I learned that Russian words are far easier to pronounce once you've learned the Cyrillic alphabet. There are Russian letters that require multiple Latin (Roman) letters in transliteration to indicate the same sound. Knowing the Cyrillic letters doesn't imply you'll know what the words mean, but when it comes to deciphering the subway diagrams, it's an invaluable tool.
In the aftermath of my brief Leningrad excursion, I'd resolved to learn the alphabet and a few simple words. I'm proud of myself that I did so, and it came in quite handy in Moscow.
The Cyrillic script is named after Saint Cyril, a missionary from Byzantium who, along with his brother, Saint Methodius, created the Glagolitic script. Modern Cyrillic alphabets developed from the Early Cyrillic script, which was developed during the 9th century in the First Bulgarian Empire (AD 681-1018) by a decree of Boris I of Bulgaria (Борис I). It is thought that St. Kliment of Ohrid, a disciple of Cyril and Methodius, was responsible for the script. The Early Cyrillic script was based on the Greek uncial script with ligatures and extra letters from the Glagolitic and Old Church Slavonic scripts for sounds not used in Greek.
My initial reaction to Moscow Metro stations was one of utter disbelief. If nothing else about the "worker's paradise" were true, there'd still be these ornate underground transit palaces from the Stalin era, intended to illustrate the superiority of Communism, and without irony, built according to the motto, "Whatever and Whomever It Takes."
Construction on the Moscow Metro began in 1933. The work was done mainly by hand, by miners swinging pickaxes and shovels. Josef Stalin spearheaded the prestigious project to showcase the superiority of socialism. He chose Lazar Kaganovich, the “Iron Commissar,” to oversee construction with utmost ruthlessness.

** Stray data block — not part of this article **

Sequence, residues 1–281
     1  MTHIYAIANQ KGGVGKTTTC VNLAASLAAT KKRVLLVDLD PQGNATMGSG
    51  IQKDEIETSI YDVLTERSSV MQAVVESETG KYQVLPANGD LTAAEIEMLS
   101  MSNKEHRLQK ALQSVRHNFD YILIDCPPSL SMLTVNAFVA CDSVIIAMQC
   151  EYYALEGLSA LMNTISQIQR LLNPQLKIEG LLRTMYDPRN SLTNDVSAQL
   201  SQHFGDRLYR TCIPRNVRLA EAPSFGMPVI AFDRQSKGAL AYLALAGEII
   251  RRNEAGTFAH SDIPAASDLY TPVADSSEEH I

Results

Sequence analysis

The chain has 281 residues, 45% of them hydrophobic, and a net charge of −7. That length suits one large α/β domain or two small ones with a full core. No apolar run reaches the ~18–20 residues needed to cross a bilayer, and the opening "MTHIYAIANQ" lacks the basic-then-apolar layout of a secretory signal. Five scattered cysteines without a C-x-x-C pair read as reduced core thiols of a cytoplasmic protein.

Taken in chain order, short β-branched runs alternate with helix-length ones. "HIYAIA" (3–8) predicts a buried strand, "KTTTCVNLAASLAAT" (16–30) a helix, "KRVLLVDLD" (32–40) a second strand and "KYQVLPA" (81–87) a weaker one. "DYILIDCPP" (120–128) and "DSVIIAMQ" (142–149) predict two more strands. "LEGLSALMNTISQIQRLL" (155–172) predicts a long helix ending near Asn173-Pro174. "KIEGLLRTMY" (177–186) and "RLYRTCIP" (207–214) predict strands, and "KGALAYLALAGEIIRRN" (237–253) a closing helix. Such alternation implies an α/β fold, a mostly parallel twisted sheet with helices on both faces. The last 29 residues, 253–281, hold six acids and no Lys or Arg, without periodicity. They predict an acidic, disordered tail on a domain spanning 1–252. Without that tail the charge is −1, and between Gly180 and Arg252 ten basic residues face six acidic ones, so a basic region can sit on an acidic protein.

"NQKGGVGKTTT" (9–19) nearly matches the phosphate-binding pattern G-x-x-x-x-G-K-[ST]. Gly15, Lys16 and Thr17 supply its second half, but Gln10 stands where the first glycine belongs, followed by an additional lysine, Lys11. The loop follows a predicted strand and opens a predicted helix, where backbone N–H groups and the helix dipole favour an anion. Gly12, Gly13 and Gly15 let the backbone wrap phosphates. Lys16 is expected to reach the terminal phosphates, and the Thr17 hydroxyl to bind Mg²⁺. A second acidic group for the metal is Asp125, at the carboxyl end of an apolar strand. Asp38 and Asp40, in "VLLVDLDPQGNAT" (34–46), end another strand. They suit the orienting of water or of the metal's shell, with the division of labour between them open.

“The Russian metro system was a truly unique project in the history of urban development when you consider how, when, where, and why it was built. They do, however, have a dark side when you consider much of the labor was forced by a leader who eliminated anyone and everyone who stood in his path or threatened his power.” The system opened in May 15 1935, with some 285,000 people riding it that day. Today, some 9 million people ride on 12 lines that pass through 196 stations.
As of 2017, the Moscow Metro is more than 200 miles long, with more expansion planned. Are the new lines as opulent as the old? Perhaps it's time to go back and find out.
|Photo credit: David Burdeny.|
The commute took almost an hour, but I successfully located the Hotel Molodjezhny. It was large, ugly and could not be missed. Now came the hardest part, as I'd been warned that interjecting a stray variable into even the simplest task might well result in gridlock.
I'd be asking hotel staff to check me into a room ten or more hours before the group arrived. If my argument fell flat, I might be spending the time guarding my belongings in the hotel bar (surprise -- there wasn't one).
Clutching my sheaf of documentation, I began the search for an English speaker. To this day, I'm not sure what happened, because resistance was very brief, and soon enough I had a key. Although my memory is hazy, the desk may have retained my passport, which was standard operating procedure so they could finish their paperwork in peace.
I had a room and a place to stow my gear. My scant notes suggest I then accompanied "the New Yorkers" to Red Square. I have absolutely no clue what this means. Did we eat and drink? Talk about the Mets?
At some point in the afternoon, I changed money with a young man who called himself Bill. Not a common Russian name, Bill. It was a seamless transaction, and he wasn't at all threatening, just on the make -- not sexually, but economically. Think of Bill as the inadvertent poster boy for Gorbachev's policy of perestroika ... and see ON THE AVENUES on Thursday for the next installment of the tale.
|Ice cream, to us.|